In recent decades, there has been a move towards standardized models of assessment where all students sit the same test (e.g. OSCE). By contrast, in a sequential test the examination is in two parts, a "screening" test (S1) that all candidates take, and then a second "test" (S2) which only the weaker candidates sit.
This article investigates the diagnostic accuracy of this assessment design, and investigates failing students’ subsequent performance under this model. Using recent undergraduate knowledge and performance data, the authors compared S1 "decisions" to S2 overall pass/fail decisions to assess diagnostic accuracy in a sequential model. They also evaluated the longitudinal performance of failing students using changes in percentile ranks over a full repeated year.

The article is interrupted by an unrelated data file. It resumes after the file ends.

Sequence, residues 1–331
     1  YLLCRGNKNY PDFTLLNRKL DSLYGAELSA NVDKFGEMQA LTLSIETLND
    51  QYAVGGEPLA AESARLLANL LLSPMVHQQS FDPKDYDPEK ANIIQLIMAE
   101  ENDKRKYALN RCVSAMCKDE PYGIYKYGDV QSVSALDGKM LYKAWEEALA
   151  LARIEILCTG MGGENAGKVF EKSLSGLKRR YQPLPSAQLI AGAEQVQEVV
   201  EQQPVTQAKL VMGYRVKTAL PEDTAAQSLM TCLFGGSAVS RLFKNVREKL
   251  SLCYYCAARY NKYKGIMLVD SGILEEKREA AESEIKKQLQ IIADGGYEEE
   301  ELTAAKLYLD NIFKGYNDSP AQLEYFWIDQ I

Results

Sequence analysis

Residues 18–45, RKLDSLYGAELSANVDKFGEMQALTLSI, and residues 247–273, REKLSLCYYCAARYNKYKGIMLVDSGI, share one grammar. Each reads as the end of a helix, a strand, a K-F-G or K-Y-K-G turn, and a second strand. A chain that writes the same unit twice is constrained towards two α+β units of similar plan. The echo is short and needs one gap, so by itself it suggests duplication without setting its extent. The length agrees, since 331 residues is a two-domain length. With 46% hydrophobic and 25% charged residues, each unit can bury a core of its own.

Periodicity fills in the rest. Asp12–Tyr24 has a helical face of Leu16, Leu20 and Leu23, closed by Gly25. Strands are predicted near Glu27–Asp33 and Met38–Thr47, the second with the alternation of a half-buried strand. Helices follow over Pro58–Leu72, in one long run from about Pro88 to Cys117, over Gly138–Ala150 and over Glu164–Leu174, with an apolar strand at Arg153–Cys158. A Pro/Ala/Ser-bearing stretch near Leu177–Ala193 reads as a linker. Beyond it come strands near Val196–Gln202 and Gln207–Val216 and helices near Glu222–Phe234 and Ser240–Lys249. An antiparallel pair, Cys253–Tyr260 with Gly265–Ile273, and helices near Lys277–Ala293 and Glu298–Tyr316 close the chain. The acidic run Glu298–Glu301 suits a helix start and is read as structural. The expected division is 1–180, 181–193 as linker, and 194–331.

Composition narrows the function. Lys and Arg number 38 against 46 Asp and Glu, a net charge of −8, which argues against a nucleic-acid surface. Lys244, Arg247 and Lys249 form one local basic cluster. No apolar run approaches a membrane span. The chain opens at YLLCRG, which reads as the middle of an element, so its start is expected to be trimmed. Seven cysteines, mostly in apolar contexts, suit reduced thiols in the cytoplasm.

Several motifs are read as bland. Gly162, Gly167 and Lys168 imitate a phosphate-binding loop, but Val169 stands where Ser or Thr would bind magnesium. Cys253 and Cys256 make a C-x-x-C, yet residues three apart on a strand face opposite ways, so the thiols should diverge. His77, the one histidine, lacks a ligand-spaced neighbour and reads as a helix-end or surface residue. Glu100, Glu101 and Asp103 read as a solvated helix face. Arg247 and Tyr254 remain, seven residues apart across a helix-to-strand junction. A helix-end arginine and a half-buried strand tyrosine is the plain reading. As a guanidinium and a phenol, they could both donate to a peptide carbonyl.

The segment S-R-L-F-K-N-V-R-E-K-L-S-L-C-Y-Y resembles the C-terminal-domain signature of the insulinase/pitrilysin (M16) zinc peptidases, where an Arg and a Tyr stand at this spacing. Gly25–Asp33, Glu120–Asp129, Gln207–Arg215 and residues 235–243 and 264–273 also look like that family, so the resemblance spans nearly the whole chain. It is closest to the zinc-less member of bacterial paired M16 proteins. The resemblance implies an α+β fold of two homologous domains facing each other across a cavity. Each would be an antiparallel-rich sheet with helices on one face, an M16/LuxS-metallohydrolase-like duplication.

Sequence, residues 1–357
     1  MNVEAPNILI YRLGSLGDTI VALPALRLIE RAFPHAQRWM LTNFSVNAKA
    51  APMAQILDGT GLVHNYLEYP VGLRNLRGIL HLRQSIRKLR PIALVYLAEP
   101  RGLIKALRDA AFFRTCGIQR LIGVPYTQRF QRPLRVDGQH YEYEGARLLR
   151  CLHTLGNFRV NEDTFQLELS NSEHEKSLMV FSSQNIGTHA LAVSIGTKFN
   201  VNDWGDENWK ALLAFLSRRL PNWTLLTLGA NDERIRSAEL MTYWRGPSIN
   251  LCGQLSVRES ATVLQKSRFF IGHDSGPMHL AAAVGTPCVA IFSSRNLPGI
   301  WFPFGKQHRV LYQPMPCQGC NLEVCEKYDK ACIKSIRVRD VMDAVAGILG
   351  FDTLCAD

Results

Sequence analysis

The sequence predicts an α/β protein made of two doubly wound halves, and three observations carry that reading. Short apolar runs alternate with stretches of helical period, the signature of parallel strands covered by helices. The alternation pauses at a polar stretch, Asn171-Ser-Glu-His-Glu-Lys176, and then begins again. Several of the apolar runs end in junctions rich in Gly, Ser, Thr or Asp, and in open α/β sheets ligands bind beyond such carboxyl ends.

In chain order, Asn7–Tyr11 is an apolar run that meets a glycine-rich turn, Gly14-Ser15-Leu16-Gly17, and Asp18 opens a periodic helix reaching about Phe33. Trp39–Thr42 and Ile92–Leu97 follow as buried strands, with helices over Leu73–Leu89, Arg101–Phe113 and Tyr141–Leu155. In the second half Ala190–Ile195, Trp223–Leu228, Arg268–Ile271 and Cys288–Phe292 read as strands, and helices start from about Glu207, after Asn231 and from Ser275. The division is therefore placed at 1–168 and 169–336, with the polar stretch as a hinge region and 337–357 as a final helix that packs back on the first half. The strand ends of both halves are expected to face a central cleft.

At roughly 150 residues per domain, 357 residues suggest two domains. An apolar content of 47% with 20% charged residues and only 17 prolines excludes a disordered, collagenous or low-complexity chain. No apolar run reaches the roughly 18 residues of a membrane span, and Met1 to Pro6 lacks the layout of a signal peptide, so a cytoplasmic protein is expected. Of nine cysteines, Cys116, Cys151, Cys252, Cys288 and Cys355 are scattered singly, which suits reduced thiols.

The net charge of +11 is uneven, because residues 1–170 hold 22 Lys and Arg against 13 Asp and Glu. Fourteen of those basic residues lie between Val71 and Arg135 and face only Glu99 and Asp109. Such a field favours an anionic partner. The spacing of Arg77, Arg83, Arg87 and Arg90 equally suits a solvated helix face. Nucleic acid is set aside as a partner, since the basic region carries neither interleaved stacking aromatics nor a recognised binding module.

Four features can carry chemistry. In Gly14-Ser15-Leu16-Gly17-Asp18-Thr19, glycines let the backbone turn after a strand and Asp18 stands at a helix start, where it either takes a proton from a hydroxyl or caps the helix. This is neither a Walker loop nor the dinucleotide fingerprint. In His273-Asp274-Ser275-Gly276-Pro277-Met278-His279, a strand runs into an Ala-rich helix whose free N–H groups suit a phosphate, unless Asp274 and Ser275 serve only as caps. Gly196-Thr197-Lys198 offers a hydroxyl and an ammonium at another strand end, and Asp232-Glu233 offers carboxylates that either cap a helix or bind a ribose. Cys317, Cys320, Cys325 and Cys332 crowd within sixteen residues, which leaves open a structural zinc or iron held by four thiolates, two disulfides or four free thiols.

The study shows a small but important improvement in diagnostic accuracy under a sequential model (of the order 2–4% of students misclassified under a traditional model). Further, after a resit year, weaker students’ rankings relative to their peers improved by 20–30 percentile points.These findings provide strong empirical support for the theoretical arguments in favor of a sequential testing.